Tracey was diagnosed with GPA at 32. She’s had an incredibly difficult journey, both physically and emotionally, but her courage and determination to support LCTF and others is an inspiration.
🎶 I get knocked down but I get up again, you never gonna keep me down. 🎶
My song = my life.
It played on my playlist tonight, and by god I needed it this week. Why is this my song? Nothing ever came easy to me, I need to work at everything, and I fail a lot – but, I never ever give up. Failing always made me want it more. If you give up you can only fail.
Vasculitis, you will be no different.
This is a situation I never believed I’d encounter, especially aged 32. Vasculitis is an incurable autoimmune disease which unfortunately can only be managed with steroids and other medications (I still haven’t reached there yet). It’s my life, it’s something that’s happened and I can’t go back or change it, despite what I’d give up to do so.
My type of vasculitis and symptoms have affected my speech, mobility and basically my entire life to an indescribable nightmare I wouldn’t wish on anyone.
Losing your health is hard, mentally, emotionally and physically. You lose all sense of purpose. Easy day-to-day tasks become hard work. You get ill when you try everyday to get better. You worry and stress about the future and your quality of life. Your goals, aims and life plans are literally binned. On top of everything else, I haven’t been able to work full time in the job I worked so hard for and love. Not gonna lie, I feel worse than the looping star at Codona’s right now, up and down like a yo yo.
I have re-gained faith in humanity due to this, but I have also seen the worst.
This disease is not known to people. I’m not bald as you would be with cancer treatments. I can look perfectly well but be in absolute pain. Vasculitis would be so much more acceptable if you had caused it or done something to deserve it. It’s a fight you can’t describe, you can’t control it and as much as you try to not let it define you, it’s the hardest fight of my life to date. But I’m still here breathing (not great) and I’m giving it my all to keep my fight going…
LCTF has been my lifeline for over 9 months now.
Vasculitis is so isolating – but now I have a family of people like me, who understand completely. We hold each others hands throughout our pain, frustration, hopelessness, fatigue and the grief of losing who we once were.
Your life will never be what it was and by god, I lived life to the absolute max. It makes me thankful I did, but it also makes this harder, too. You’re mourning you, basically.
Without the LCTF quite simply people like me may have given up with the diagnosis, let alone what it can do. Loss of hearing, skin sores, loss of speech, nose collapses, kidney failure, loss of movement in limbs. The list is endless. You never ever think at any age, let alone 32, this will happen to you – and don’t, as its horrific!
But it can – this can happen to you – and this Foundation helps you see a life (not as you had) and gives you the chance to see past the bad days. You’re never alone because of it. I could write a novel on LCTF, but that first point is enough. I hope everyone supports me in some way to support LCTF, whether you join me walking, abseiling, doing the strangest of fundraisers. And I hope you never find your health deteriorate as we do. It doesn’t matter who you are, your salary, job, house, car – there’s no one who can change illness, and it’s the only thing that matters in reality. Take care of yourself and know your own body. I had to fight for diagnosis!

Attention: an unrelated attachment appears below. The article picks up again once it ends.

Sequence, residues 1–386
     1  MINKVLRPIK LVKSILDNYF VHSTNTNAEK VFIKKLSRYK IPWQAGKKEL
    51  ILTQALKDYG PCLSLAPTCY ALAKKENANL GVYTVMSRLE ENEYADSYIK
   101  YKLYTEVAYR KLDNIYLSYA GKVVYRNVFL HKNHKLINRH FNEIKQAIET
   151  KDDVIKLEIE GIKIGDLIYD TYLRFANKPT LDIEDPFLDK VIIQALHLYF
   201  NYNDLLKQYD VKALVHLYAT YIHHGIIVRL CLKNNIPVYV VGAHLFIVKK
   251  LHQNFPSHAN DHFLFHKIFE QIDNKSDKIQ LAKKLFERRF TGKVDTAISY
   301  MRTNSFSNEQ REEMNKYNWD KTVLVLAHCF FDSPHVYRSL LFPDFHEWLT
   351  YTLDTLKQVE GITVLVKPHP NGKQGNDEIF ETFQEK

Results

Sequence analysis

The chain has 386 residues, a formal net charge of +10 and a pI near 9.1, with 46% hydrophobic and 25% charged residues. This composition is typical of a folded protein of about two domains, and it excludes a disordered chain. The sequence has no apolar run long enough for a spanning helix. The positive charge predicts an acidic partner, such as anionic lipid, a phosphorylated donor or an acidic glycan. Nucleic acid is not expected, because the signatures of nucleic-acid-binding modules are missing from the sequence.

I went through months of oh it’s diabetes, hypoglycaemia, b12/folic/anaemia, kidney problems… I lost 3 stone, but was eating for a village. I was fatigued as hell – to the point that a day at work required a nap. You know when something’s wrong – don’t ever let it rest if you do. Diagnosis is key in any illness, especially incurable such as this.
I’m always brutally honest. But I hope my honesty makes anyone’s day feel better, or even that they’re not alone. Because I know many of us are struggling day to day. We are one team and for Lauren, we fight! I’m usually the most positive and optimistic person out however this is most certainly the hardest thing l’ve ever endured.
My thinking after this song played: I will survive this, it can only get better. And I won’t let it define me or stop me from anything, I will keep the same bucket list – and yeah maybe it’ll take longer and be harder, but I will do it. I will use this bad spell of my life to become something amazing. I feel ready to challenge myself and take a risk, make big life changes, back myself a little more – I’m stronger than i give myself credit for.
And I will help anyone who ever has to endure this in life, I will show them that in true T style you can be down, have off days, grieve yourself, give up a little – but you get one life, don’t let vasculitis determine it or ruin it.
Be aware some major fundraising is about to begin. I’ve raised over £37k for multiple charities, but when it’s a charity started with two inspirational parents losing their 15 year old daughter to the exact same type of vasculitis I have, who since have raised over £1 million to help research, support, counselling and so much more for people like me, it’s so much more important…
You might find this useful:
If you've just been diagnosed with vasculitis, we can help you with information about your condition and treatments.
If you're affected by vasculitis, we can help. We offer a range of practical and emotional support.
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